Sending Email in Rails

Updated to work with Ruby 2.5.3 and Rails

Learning Goals

We’ll explore sending email in Rails by building a project that requires this functionality. By the end you should understand:

  • How to use ActionMailer
  • Send email locally using Mailcatcher
  • How to test that a mailer is working

Warm Up

  • Why are emails important?

Friendly Advice Exercise

We are going to build an application that allows us to send our friend some friendly advice via email.

What we’d like our app to do:

  1. Allow us to sign up / log in
  2. Allow us to enter a friend’s email address
  3. Send that friend some advice.

Researching with the Docs

Sending Email locally with Mailcatcher

Getting Started

For this tutorial, we are going to setup our emails to “send” through Mailcatcher locally. And in production, you’ll want to set up your Rails environment to send all emails through a third-party service like SendGrid.

First things first, go ahead and clone down this repo

$ git clone friendly-advice
$ cd friendly-advice
$ bundle
$ rake db:{drop,create,migrate,seed}

You should have one failure when you run rspec.

Rails Setup

Run your server and navigate to port 3000 to see what we’ve already got in our repo

rails s

⭐ Register as a new user
⭐ Click on “Send Advice” in the nav bar (you should be redirected there upon registration), and inspect(CMD + OPT + i) the Form/Input field, where does this route to?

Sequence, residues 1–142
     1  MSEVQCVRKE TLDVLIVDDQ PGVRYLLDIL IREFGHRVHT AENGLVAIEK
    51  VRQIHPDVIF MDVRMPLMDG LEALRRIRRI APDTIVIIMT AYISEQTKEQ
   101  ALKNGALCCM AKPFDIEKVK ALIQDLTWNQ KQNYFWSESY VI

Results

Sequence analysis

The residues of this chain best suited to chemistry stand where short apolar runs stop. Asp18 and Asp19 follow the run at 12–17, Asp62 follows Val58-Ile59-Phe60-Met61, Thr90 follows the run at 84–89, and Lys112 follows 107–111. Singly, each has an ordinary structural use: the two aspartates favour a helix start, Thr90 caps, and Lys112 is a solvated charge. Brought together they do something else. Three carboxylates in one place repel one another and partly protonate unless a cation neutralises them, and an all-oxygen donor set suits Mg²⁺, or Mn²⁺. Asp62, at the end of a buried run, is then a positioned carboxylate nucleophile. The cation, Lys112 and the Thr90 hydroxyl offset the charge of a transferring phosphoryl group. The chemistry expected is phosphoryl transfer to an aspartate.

Make sure the route is in the routes file:

post '/advice', to: 'advice#create'

Let’s follow that route to the Advice Controller’s create action. Before updating this action, let’s keep familiarizing ourselves with the code. Take a look at what’s happening:

⭐ What is @advice = Explore the AdviceGenerator class. What’s going on in there? Take some time to dissect what’s happening.
⭐ Put a binding.pry in under @advice = and run your tests. Try some things out– what methods do you have available to call on @advice? What happens when you call @advice.message? What happens when you run @advice.message again?

Alright, let’s get back to updating the create action to call our mailer! 💌

class AdviceController < ApplicationController

  def show
   redirect_to root_path unless logged_in?

  def create
    @advice =
    # `recipient` is the email address that should be receiving the message
    recipient = params[:friends_email]

    # `email_info` is the information that we want to include in the email message.
    email_info = {
      user: current_user,
      friend: params[:friends_name],
      message: @advice.message

    FriendNotifierMailer.inform(email_info, recipient).deliver_now
    flash[:notice] = 'Thank you for sending some friendly advice.'
    redirect_to advice_url

Run your tests again, and you’ll see we now have a different failure. We’re dream driving a bit, and have not yet created that mailer.

Exploring the Mailer

⭐ In your text editor, search the application for files containing the word ‘mailer’. (CMD + t in atom, CMD + p in VScode)